State of the Union: Obama to accentuate the positive
U.S. President Barack Obama speaks during a campaign event at the Apollo Theatre in New York on Jan. 19, 2012. Obama will be giving his State of the Union speech tonight in Washington.
Kai Ryssdal: Forget the senators and the representatives and everybody else who's going to be in the Capitol tomorrow night as President Obama gives his State of the Union speech.
You've got primetime, in an election year, national television coverage. It's got politics written all over it. And the politics this year is all economic.
Our Washington bureau chief John Dimsdale has our preview.
John Dimsdale: The president's aides say populism and equity will be major themes in the speech. We'll hear a pitch for more education and job opportunities for the middle class, paid for by those who already have a generous slice of the American pie. Despite four years of economic backsliding, the president is being advised to accentuate recent positive economic news.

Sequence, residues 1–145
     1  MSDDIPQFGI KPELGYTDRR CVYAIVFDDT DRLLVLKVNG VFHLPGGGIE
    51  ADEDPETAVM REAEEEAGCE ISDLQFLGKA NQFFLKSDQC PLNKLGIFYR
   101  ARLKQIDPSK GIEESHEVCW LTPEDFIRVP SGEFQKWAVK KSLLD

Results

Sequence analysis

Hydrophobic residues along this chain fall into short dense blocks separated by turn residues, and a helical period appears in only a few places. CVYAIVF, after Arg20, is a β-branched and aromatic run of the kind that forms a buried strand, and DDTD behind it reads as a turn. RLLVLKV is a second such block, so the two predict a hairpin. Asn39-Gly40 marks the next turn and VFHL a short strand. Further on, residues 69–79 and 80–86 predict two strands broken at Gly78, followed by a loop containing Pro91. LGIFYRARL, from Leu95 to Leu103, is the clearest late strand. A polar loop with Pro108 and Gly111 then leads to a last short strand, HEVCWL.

William Galston at the Brookings Institution, has been looking at speeches by other sitting presidents running for re-election.
William Galston: If you look at the way Ronald Reagan, for example, began his 1984 State of the Union address.
Ronald Reagan (in 1984): And I’m pleased to report that America is much improved and there’s good reason to believe that improvement will continue for the days to come.
Galston: And so in one simple sentence, he reminded Congress that the country had been through a very difficult period. But the past year had been one of great progress and there was reason to believe that would continue.
Galston suggests Obama should point to improving job conditions and offer the prospect of more, with infrastructure-building projects and cheaper job training and college education. But Republicans have the congressional clout to block the president's initiatives.
Former Republican congressman Vin Weber says this year Obama will have to meet them part way. His suggestion: energy.
Vin Weber: There’s a huge opportunity for us now in terms of conventional fossil fuels. Offshore drilling, fracking and natural gas, that have the potential to change the equation favorably in the energy marketplace for the country. If the president took couple steps on any aspect of that toward the Republicans, I think that would be pretty well received.
Finally, White House aides say the most ambitious initiative in the State of the Union aims to trim the number of home foreclosures. Obama hopes to announce a settlement with mortgage lenders that will toss a life preserver to underwater homeowners.
In Washington, I'm John Dimsdale for Marketplace.